Dave Stokes has worn a lot of hats in his career, from network engineer to CTO and beyond. He's someone eager to learn and who values communication, so he jumped at the chance to become a community manager for Oracle's MySQL project, a role he's now held for nearly four years.
Dave is one of the featured speakers at the upcoming All Things Open conference in Raleigh, NC. We caught up with him to learn more about his background, his motivation to work with open source, and to get a sneak preview of his presentation in October.
Tell us a bit about yourself and your background.
I was originally hired by MySQL AB as a PHP Programmer in the Certification Group and later became the Certification Manager not too long before Sun Microsystems paid $1 billion for the company. Years later, I got the opportunity to join the Community Team. I've been enjoying my current position for almost four years. Before that I was a system programmer, network engineer, webmaster, programmer, sales engineer, group manager, CTO, and other similar titles for companies ranging alphabetically from the American Heart Association to Xerox.
You have a long history in open source. What motivates you to work on a project like MySQL?
Databases are constantly evolving which means there are always new things to learn, new skills to master, and new horizons. What makes MySQL so special is that it is ubiquitous—everyone has some MySQL somewhere in their life even if it is embedded in their network router, having their cell phone movements tracked by MySQL Cluster, their social media whims saved, or as the data store behind the content management system for their favorite hobby. And with this diversity comes new approaches and ideas.
What are the biggest challenges for you as community manager at this moment?
Databases do not stand still, and by that I mean there is always something new appearing. For instance, the NoSQL interfaces to MySQL Server and MySQL Cluster bypass the parser and optimizer, which take a lot of the horsepower in performing a query. So you can see nine times better performance by accessing the data as a key/value pair but you can also have users accessing the same data, on the same disks via SQL at the same time. So your SQL data is also your NoSQL data.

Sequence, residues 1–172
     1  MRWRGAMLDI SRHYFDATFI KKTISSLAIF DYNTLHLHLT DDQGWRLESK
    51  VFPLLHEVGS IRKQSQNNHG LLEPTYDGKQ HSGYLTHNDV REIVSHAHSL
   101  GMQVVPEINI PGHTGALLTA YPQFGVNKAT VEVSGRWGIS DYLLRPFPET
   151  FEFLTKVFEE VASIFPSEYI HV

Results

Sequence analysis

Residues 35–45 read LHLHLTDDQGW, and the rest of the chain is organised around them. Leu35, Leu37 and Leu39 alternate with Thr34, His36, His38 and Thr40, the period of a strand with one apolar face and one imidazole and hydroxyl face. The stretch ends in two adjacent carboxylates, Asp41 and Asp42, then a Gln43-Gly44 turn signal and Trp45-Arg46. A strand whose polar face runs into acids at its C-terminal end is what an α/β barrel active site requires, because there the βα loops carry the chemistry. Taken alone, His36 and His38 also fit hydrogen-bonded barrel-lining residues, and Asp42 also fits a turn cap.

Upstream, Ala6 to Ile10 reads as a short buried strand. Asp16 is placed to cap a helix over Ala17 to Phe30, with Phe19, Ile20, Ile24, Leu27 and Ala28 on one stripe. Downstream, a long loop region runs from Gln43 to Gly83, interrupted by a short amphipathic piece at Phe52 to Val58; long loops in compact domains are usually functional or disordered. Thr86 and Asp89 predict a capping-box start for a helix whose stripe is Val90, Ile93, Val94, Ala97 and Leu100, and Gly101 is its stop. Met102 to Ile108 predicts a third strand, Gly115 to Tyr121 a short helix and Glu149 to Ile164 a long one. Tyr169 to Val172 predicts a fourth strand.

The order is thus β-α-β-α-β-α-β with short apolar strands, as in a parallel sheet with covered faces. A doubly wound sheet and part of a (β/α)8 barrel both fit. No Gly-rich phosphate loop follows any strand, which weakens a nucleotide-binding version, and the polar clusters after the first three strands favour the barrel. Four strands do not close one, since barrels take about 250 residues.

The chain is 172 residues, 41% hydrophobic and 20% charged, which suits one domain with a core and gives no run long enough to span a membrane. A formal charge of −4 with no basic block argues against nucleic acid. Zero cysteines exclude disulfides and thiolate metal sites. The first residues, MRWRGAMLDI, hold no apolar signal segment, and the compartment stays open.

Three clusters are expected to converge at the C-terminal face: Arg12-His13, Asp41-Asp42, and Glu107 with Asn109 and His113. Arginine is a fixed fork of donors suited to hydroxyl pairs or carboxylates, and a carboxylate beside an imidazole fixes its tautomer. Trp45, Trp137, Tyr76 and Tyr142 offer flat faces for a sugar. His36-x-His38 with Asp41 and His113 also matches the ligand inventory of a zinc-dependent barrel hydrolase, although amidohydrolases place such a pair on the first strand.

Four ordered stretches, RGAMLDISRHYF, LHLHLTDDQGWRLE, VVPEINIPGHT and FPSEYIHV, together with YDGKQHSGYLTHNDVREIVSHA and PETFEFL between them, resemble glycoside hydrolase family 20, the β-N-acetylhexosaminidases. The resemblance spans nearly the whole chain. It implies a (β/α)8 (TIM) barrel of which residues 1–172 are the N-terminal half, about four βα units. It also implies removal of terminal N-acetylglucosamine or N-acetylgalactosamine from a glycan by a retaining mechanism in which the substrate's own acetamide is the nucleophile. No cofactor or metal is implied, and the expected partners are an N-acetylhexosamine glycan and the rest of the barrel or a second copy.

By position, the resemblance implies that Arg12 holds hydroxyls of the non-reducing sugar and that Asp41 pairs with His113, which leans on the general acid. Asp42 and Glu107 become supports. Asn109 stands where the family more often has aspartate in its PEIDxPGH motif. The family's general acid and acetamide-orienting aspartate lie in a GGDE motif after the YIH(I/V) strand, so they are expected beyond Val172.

Unless you carefully watch the database industry, which most developers do not have the time to do, you assume that the technology behind the product is stagnant—until a PHB asks to implement something like Big Data or some marketing FUD from a competitor catches your eye. Our engineers (and we ARE hiring) strive to add new features like NoSQL or a Hadoop Adapater that works like MySQL replication. And at the same time, our engineers are improving the core of MySQL, such as the optimizer, and increasing performance. MySQL is capable of so much more with 5.6, our current release, than what we had with 5.5, 5.1, or 4.1! Judge us by the quality of the product. And please try our MySQL 5.7 to help develop where the product needs to go.
What advice do you have for other community managers looking to build relationships and grow their communities?
Each community in the open source world is dramatically different, but you need to be able to communicate to the customers as well take the customers concerns and questions back to management.
Can you give us a slight sneak preview as to what you will cover in your All Things Open talk (without giving too much away)?
My presentation will be the ultimate event of the century filled with humor, pathos, and will inspire all who are attending to greatness, all while stressing my humility.